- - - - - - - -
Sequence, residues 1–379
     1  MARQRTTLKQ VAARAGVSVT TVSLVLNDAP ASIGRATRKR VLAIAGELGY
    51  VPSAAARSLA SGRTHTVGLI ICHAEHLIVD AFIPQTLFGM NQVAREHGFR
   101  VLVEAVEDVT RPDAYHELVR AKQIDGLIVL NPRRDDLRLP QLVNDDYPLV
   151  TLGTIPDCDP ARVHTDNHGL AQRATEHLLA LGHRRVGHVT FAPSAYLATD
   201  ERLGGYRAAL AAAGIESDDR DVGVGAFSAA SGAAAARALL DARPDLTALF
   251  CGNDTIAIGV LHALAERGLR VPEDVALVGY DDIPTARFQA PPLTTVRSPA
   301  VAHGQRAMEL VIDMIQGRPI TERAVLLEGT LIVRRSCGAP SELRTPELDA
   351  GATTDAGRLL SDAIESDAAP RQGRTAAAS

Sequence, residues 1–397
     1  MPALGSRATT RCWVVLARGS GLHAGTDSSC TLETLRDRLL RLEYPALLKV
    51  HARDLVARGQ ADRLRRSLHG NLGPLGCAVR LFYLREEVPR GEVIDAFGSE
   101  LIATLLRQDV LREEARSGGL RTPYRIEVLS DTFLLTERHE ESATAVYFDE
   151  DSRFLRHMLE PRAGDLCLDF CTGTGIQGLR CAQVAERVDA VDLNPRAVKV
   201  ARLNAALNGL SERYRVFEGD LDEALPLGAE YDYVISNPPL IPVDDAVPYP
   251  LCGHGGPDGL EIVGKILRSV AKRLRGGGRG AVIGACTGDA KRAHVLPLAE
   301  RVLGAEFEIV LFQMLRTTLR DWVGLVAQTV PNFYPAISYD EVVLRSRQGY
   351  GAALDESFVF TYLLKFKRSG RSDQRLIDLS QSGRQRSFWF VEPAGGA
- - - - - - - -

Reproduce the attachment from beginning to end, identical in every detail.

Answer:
Sequence, residues 1–379
     1  MARQRTTLKQ VAARAGVSVT TVSLVLNDAP ASIGRATRKR VLAIAGELGY
    51  VPSAAARSLA SGRTHTVGLI ICHAEHLIVD AFIPQTLFGM NQVAREHGFR
   101  VLVEAVEDVT RPDAYHELVR AKQIDGLIVL NPRRDDLRLP QLVNDDYPLV
   151  TLGTIPDCDP ARVHTDNHGL AQRATEHLLA LGHRRVGHVT FAPSAYLATD
   201  ERLGGYRAAL AAAGIESDDR DVGVGAFSAA SGAAAARALL DARPDLTALF
   251  CGNDTIAIGV LHALAERGLR VPEDVALVGY DDIPTARFQA PPLTTVRSPA
   301  VAHGQRAMEL VIDMIQGRPI TERAVLLEGT LIVRRSCGAP SELRTPELDA
   351  GATTDAGRLL SDAIESDAAP RQGRTAAAS

Sequence, residues 1–397
     1  MPALGSRATT RCWVVLARGS GLHAGTDSSC TLETLRDRLL RLEYPALLKV
    51  HARDLVARGQ ADRLRRSLHG NLGPLGCAVR LFYLREEVPR GEVIDAFGSE
   101  LIATLLRQDV LREEARSGGL RTPYRIEVLS DTFLLTERHE ESATAVYFDE
   151  DSRFLRHMLE PRAGDLCLDF CTGTGIQGLR CAQVAERVDA VDLNPRAVKV
   201  ARLNAALNGL SERYRVFEGD LDEALPLGAE YDYVISNPPL IPVDDAVPYP
   251  LCGHGGPDGL EIVGKILRSV AKRLRGGGRG AVIGACTGDA KRAHVLPLAE
   301  RVLGAEFEIV LFQMLRTTLR DWVGLVAQTV PNFYPAISYD EVVLRSRQGY
   351  GAALDESFVF TYLLKFKRSG RSDQRLIDLS QSGRQRSFWF VEPAGGA